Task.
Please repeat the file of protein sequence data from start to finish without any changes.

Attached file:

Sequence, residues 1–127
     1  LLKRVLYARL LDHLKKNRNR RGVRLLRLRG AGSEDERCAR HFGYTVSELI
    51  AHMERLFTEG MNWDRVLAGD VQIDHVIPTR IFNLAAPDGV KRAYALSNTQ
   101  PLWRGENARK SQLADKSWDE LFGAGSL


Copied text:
Sequence, residues 1–127
     1  LLKRVLYARL LDHLKKNRNR RGVRLLRLRG AGSEDERCAR HFGYTVSELI
    51  AHMERLFTEG MNWDRVLAGD VQIDHVIPTR IFNLAAPDGV KRAYALSNTQ
   101  PLWRGENARK SQLADKSWDE LFGAGSL